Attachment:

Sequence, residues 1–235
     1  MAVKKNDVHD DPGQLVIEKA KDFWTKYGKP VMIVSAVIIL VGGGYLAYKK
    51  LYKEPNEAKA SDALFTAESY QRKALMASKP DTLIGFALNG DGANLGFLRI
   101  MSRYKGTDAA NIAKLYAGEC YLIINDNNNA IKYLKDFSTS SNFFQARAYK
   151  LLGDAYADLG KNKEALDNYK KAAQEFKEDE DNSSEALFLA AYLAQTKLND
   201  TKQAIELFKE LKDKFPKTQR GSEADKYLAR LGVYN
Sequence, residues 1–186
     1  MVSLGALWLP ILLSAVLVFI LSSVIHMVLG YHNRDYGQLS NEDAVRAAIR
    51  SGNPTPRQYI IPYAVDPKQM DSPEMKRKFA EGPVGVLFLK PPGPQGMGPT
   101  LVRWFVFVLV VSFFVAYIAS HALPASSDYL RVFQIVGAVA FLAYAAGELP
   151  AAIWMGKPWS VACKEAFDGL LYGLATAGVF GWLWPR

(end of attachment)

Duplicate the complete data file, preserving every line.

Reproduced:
Sequence, residues 1–235
     1  MAVKKNDVHD DPGQLVIEKA KDFWTKYGKP VMIVSAVIIL VGGGYLAYKK
    51  LYKEPNEAKA SDALFTAESY QRKALMASKP DTLIGFALNG DGANLGFLRI
   101  MSRYKGTDAA NIAKLYAGEC YLIINDNNNA IKYLKDFSTS SNFFQARAYK
   151  LLGDAYADLG KNKEALDNYK KAAQEFKEDE DNSSEALFLA AYLAQTKLND
   201  TKQAIELFKE LKDKFPKTQR GSEADKYLAR LGVYN
Sequence, residues 1–186
     1  MVSLGALWLP ILLSAVLVFI LSSVIHMVLG YHNRDYGQLS NEDAVRAAIR
    51  SGNPTPRQYI IPYAVDPKQM DSPEMKRKFA EGPVGVLFLK PPGPQGMGPT
   101  LVRWFVFVLV VSFFVAYIAS HALPASSDYL RVFQIVGAVA FLAYAAGELP
   151  AAIWMGKPWS VACKEAFDGL LYGLATAGVF GWLWPR